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A couple of years ago a dear friend shared with me some very valuable advice. Every morning on the way to school she told her children exactly what she expected of them for that day. She found that her kids responded very well to this, and almost always rose to the expectation. I have adopted this parenting advice, applied it in my own family, and have seen my children’s behavior improve! Read below to find out how to successfully set expectations, improve your child’s behavior, and discover helpful expectation examples that you can start implementing today.
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Being a mama with three young children, I need order in my life to make it though the day. I have found that leaving the house and going out in public can be stressful; especially if the kids are misbehaving, running around, etc. So for us to go out and about our day in a safe and manageable way, I need to set expectations for not only myself, but also for my kids.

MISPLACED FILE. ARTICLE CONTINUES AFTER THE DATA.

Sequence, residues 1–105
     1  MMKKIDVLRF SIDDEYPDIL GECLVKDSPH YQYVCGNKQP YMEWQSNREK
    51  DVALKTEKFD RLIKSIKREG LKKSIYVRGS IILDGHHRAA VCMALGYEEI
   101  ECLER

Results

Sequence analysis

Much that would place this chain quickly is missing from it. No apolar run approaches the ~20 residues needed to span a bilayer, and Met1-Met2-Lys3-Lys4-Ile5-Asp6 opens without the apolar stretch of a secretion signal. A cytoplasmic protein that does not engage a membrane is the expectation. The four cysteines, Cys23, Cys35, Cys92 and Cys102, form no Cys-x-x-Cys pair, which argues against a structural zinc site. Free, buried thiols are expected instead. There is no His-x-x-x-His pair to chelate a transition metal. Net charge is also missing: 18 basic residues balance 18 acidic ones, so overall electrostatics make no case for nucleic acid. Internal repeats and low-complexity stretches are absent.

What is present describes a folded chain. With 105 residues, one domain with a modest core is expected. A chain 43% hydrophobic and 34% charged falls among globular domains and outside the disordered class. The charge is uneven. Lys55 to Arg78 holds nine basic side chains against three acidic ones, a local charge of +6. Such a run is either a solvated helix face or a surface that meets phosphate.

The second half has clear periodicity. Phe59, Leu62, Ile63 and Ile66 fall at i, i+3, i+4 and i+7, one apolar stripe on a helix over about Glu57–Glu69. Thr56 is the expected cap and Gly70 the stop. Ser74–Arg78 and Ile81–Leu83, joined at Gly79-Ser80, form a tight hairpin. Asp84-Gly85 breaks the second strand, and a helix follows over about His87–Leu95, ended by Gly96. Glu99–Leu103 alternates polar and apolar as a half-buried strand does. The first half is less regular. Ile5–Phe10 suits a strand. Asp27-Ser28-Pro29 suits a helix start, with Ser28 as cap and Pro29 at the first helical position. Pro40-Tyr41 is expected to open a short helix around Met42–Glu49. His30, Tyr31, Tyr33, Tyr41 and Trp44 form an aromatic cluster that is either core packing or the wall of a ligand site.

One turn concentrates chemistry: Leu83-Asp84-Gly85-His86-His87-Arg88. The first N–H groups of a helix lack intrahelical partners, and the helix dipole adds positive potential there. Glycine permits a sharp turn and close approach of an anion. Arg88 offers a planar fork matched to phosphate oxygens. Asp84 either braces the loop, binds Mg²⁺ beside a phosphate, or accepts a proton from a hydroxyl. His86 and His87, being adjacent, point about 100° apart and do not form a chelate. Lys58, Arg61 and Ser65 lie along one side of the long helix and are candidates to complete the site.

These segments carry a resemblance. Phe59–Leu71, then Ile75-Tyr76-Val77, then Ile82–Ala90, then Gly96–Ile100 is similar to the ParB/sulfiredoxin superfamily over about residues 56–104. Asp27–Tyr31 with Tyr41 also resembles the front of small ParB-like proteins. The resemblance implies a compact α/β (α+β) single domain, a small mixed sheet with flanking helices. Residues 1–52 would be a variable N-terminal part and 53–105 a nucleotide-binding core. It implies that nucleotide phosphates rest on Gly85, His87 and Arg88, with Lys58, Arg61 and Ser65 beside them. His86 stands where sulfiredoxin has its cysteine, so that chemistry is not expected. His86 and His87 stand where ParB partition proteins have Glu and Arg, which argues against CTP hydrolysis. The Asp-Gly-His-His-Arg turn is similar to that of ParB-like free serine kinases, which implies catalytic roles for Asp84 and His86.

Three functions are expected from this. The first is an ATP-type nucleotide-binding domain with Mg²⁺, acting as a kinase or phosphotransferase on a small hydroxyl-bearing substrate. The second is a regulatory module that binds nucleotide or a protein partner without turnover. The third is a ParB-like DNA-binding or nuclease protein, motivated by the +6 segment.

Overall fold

Having healthy expectations is important. It creates order, gives guidance, and provides realistic requirements. Without this, chaos will quickly take over.
Why You Should Set Expectations for Your Child
Immediately I took my friends advice and I began using her expectation examples. But I didn’t just do this for school, I did this almost everywhere we would go – play dates, extended family dinners, holiday parties, birthday parties, etc. I would, and still do, instruct my kids to use their manners, thank the hosts, think of a compliment, and to respect other people’s houses and toys.